Elle wished the moment would last forever. She felt safe and secure with Severin’s arms wrapped around her, her chest warm with the knowledge that she was loved and treasured.

Severin briefly drew away from Elle, only to step in front of her. “Just to iron out the details so I can be sure we both understand—We are in love, and will be engaged and married. And while it is not likely we will be happy forever after—because I am a prince and we will be forced to occasionally cavort with ‘polite society,’ which will probably make us both very unhappy—we will experience joy and pain and sadness together and live life as husband and wife?”

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“You haven’t asked me to marry you,” Elle said.

“My darling Elle. When I ask you I will make it as romantic as possible, shower you with food, and do everything in my power to woo you. However, I find myself less than enthused by the prospect of any more surprises, so I would like to be sure. Is that what you see in our future?”

“We will fight.”

“And then we will forgive each other.”

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“I will still rub plant leaves.”

“And I will very likely make squirrel jokes until another woodland creature bites you.”

Elle laughed. “Yes. Yes, yes, yes!”

Severin smiled and pulled Elle into a kiss, one that was saturated with all the love, laughter, and affection Severin was capable of giving. It melted Elle’s bones and warmed her heart, making her lean into Severin. It was a perfect moment. Not even the knowledge that Bernadine was standing on the balcony outside, spying on the pair, could lessen it.

Severin and Elle were in love.

A journeying farmer and his two children were surprised when, in late summer, they discovered that the road from the village of Belvenes to Noyers was in excellent condition.

The woods that had previously intruded on the road were pushed back, potholes and washouts had been filled in with dirt and gravel, and in the middle of the forest was a chateau.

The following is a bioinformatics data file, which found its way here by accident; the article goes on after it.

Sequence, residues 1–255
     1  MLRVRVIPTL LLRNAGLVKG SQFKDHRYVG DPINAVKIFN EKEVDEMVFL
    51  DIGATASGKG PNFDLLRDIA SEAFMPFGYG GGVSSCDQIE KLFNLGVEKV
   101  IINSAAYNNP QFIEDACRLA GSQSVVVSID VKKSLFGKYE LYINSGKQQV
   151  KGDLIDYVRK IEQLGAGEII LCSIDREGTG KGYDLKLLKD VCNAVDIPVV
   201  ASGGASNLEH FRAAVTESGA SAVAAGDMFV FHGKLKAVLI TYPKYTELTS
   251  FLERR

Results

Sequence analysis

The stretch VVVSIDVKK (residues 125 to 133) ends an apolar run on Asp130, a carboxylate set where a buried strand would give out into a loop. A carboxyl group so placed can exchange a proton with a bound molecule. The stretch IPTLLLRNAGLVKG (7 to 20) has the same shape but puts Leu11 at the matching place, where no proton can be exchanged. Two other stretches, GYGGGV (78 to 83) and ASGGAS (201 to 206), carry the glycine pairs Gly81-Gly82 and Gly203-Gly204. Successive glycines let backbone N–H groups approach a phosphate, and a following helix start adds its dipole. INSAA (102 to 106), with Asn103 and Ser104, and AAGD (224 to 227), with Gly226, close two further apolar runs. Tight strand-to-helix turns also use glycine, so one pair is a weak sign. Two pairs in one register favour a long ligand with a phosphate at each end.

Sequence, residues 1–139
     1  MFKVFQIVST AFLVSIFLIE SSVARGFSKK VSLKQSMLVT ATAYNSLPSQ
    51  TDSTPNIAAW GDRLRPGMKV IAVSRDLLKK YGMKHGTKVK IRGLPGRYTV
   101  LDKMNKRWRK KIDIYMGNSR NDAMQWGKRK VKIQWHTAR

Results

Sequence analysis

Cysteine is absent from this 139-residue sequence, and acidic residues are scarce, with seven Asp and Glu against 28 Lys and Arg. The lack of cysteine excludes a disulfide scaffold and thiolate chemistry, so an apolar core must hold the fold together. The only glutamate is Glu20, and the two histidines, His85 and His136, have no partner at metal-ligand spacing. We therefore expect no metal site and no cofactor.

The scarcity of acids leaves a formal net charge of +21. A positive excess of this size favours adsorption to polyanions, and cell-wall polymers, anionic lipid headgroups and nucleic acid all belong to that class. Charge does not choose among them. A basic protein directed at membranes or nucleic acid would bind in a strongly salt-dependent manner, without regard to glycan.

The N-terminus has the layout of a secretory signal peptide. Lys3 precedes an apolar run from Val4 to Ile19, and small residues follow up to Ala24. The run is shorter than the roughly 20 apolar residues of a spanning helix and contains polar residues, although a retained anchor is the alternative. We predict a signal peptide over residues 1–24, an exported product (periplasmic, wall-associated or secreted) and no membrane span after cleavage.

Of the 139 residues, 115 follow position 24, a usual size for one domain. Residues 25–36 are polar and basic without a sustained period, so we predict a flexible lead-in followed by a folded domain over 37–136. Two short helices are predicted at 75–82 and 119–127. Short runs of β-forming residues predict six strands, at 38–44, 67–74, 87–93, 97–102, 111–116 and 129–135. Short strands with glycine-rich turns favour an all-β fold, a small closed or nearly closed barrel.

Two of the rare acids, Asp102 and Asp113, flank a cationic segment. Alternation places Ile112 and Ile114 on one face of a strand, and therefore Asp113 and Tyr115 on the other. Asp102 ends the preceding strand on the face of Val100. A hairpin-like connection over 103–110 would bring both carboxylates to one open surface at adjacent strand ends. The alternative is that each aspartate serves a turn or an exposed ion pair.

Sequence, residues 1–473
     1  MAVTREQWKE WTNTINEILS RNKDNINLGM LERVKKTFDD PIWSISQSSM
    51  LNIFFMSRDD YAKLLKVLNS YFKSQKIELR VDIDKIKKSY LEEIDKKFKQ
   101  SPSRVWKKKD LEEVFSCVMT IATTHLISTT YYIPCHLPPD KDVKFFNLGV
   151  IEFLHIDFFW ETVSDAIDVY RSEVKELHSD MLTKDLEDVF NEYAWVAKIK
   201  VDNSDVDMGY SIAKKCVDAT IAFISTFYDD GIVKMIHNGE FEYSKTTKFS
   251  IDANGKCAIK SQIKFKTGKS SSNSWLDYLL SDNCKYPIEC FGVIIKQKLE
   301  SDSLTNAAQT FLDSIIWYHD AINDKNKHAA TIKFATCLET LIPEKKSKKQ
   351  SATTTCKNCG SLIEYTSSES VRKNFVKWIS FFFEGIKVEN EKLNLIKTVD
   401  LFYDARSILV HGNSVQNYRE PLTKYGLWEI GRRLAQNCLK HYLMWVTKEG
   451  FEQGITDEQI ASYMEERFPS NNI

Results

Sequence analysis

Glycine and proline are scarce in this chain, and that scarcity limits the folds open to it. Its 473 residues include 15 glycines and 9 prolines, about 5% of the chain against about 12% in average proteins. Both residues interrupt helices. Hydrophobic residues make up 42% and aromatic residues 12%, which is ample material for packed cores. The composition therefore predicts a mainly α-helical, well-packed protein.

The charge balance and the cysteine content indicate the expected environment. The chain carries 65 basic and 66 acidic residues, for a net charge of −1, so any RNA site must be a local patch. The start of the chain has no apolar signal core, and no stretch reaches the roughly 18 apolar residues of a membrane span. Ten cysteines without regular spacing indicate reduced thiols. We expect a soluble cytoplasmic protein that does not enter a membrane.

The farmer knew it was there; previously it had housed a cursed prince. But it seemed like a different place now.

Gardeners walked up and down the lane, laughing with each other as they trimmed bushes and cared for flowers. A veritable pack of dogs—led by a fat, fluffy Papillon—roamed the front lawn. There had to be at least forty horses in the stable. Two—a proud looking gelding and a chubby pony—were being led through the chateau gate as the farmer and his children watched.

The grounds were awash in flowers and laughter, and royal flags flapped in the wind.

“Pardon me,” the farmer asked, stopping at the gatehouse where several soldiers were stationed. “But what is this place?”

As if on cue, someone past the chateau walls roared. “ELLE! DID YOU PUT A STUFFED CAT IN MY STUDY?”

A pretty woman on the fat pony galloped out of the courtyard, calling over her shoulder. “I thought you might like the company of one of your own kind!”

A handsome man emerged from the courtyard, riding the large gelding. “Elle!”

“What’s wrong, cat got your tongue?” the woman laughed.

“I look nothing like a cat anymore, why do you still obsess over felines?” the man said, cueing his horse into a trot.

The woman pulled her pony to a halt a stone’s throw from the farmer and his children. “True, it’s my own fault I suppose. I shouldn’t have married a man who is prettier than I am.”

The man on the mouse colored gelding looked murderous.

The woman laughed airily before her pony leaped forward into a canter. “That will teach you to inquire after the mysterious workings of my mind. Come, Rosemerry. Let us find some flowers to rub.”

“ELLE!”

The farmer stared at the spectacle as his children chased each other.

The guard captain smiled. “This is Chanceux Chateau. Home to the formidable Prince Severin and his extraordinary wife, Princess Elle, and all that they hold dear.”

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